October 20, 2011
Leafs' road gets tougher
By ROB LONGLEY, QMI Agency
TORONTO - As long as one line is producing at an incredible rate and the wins keep coming, the need for secondary scoring on the Maple Leafs doesn’t seem so urgent right about now, does it?
That’s about to change as the team embarks on its first road trip of the season, a four-gamer with not an easy match in the bunch, in terms of emotion, anyway.
The Phil Kessel-Joffrey Lupul show has been a treat to watch and a big statistical start for both men, but starting Thursday night in Boston, we’re supposing the need to spread it out becomes significant.
There are all sorts of reasons, of course, not the least of which is Kessel can’t possibly keep up his seven-goals-in-five-games pace. The chemistry with Lupul is undeniably strong, but teams will get aggressive about matching up against the Leafs’ lead men, especially with the home side having last change.
Start with the Stanley Cup champions, where Bruins captain Zdeno Chara is likely to be in full froth after the team’s sloppy start to the season. Head coach Claude Julien will put the big man on the ice for much of the night and Chara will put a beating on whoever comes near the Boston net. All that room Kessel and Lupul have had to roam in the five-game Air Canada Centre homestand will be as good as gone.
After that, it’s on to Montreal where the Canadiens are likely to be still stinging from the opening-night loss to their historic rivals and will be ready to get physical to prove it.
Next up, Philadelphia and Chris Pronger. You get the picture, but for one final act, the Leafs final game of the road trip will be the Rangers’ home opener at the revamped Madison Square Garden.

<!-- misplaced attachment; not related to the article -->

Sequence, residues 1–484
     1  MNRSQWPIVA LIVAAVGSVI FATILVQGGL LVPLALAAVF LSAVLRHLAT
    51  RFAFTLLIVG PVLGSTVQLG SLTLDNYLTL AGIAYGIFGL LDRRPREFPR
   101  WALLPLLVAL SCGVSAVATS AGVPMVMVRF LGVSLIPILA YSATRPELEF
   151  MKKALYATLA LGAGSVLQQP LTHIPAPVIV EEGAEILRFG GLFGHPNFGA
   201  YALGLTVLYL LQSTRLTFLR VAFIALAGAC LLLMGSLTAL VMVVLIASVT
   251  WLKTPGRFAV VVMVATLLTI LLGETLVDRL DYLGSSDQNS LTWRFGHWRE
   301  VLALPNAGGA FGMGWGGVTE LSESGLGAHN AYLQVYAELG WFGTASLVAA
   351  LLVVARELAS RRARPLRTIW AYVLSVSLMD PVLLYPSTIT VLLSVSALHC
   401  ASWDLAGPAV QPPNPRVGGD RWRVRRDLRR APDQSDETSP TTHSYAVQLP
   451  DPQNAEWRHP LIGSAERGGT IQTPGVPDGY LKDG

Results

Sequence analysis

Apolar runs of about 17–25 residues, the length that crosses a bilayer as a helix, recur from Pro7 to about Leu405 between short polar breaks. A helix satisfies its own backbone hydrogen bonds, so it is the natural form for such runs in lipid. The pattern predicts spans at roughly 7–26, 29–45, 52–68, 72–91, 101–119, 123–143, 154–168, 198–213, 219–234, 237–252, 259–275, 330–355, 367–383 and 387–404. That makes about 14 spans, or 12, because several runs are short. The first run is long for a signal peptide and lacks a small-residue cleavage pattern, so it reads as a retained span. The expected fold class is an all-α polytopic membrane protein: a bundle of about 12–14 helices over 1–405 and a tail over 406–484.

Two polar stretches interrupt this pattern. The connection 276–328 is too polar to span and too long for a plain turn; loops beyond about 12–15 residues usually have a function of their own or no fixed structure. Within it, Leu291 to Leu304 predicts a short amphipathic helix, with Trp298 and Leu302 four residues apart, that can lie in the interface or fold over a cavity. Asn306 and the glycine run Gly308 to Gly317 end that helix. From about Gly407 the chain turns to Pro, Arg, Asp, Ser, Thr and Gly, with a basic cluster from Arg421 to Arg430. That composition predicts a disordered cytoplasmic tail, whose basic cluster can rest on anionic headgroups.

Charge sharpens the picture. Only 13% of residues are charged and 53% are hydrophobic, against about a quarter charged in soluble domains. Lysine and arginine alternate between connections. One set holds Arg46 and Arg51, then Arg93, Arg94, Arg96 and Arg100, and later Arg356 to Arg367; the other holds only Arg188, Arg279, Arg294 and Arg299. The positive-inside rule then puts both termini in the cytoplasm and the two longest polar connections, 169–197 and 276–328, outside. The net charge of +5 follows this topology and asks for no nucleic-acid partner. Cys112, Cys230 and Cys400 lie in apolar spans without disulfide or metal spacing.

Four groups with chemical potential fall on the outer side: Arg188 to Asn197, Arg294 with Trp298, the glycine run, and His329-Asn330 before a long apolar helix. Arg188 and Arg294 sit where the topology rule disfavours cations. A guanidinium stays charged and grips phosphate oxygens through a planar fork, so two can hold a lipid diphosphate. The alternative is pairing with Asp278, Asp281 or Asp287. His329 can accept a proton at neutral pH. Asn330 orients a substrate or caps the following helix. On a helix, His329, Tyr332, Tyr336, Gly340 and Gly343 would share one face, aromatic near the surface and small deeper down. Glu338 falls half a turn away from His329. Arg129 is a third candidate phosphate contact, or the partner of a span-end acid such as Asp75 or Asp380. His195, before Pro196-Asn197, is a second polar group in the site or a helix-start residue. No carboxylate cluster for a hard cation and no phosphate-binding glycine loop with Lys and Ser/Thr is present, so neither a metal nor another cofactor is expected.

We’re not here to rain on anyone’s parade, a nice 4-0-1 start to the Leafs season that somehow feels dramatically different than the exact same mark of a year ago. It was mostly downhill from there for those Leafs, of course, which is why at least being competitive on this big trip is so important.
And it starts with the buzz phrase we hear so often these days: Secondary scoring. Which brings us to the Mikhail Grabovski line, which had a strong pre-season but has had minimal impact so far in the regular season. It took some time for Grabovski, Nikolai Kulemin and Clarke MacArthur to get it together last season but ,when they did, Grabovski — a notoriously slow starter — didn’t get his first until 13 games in last season. More is expected this time around.
“Yes and no,” Leafs coach Ron Wilson said when asked about the need to have someone else join the party. “We’ve got to find a way to get the Grabovski line going a little bit more here.”
One thing the coach did Wednesday after MacArthur was “banged up” and also suffered from a case of the giveaways in the third period was to put rookie Matt Frattin up on the line, something Wilson hinted he may consider against the Bruins.
Grabovski hasn’t looked awful, though he missed a chance to give the Leafs the win late. MacArthur hasn’t done much in his three games and (after missing the first two with a suspension) and now may be hurt.
“It’s a bit frustrating,” Grabovski said. “But it’s 82-games. We just have to keep working hard.”
Meanwhile, if there is any tendency to get big-headed after what admittedly has been a good start, Wilson has plenty of ammunition to keep his players grounded. The coach was particularly disgusted with the sloppy, slow play by the defencemen, a malaise that has spread over the past two games.
“If we don’t move the puck out of your own end crisply, we’re not a very good team,” Wilson said. “Our strength is our speed and our skill we have up front. If we’re not head-manning pucks, we’re not a very good team.”
The guys that weren’t paid the price on Thursday. Luke Schenn’s early-season struggles are becoming a problem and he was docked for it, seeing only 11 minutes and 54 seconds ice time, a low among the six Leafs rearguards. Mike Komisarek, meanwhile, was stapled to the bench for almost the entire third period.
“It was a bit of a struggle,” Wilson said of Komisarek, ending his sentence right there to punctuate the understatement.